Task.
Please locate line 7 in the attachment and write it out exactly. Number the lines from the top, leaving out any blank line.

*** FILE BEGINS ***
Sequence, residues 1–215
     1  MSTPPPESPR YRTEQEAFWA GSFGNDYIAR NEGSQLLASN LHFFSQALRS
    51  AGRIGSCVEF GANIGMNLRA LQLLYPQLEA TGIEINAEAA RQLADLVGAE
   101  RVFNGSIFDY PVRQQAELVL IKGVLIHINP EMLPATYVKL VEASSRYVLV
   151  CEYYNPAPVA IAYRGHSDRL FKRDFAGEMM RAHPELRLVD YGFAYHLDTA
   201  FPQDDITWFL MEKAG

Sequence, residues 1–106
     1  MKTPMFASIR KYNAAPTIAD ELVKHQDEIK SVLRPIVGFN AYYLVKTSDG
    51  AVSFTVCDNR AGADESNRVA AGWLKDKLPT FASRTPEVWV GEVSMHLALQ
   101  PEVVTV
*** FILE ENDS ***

Sequence, residues 1–106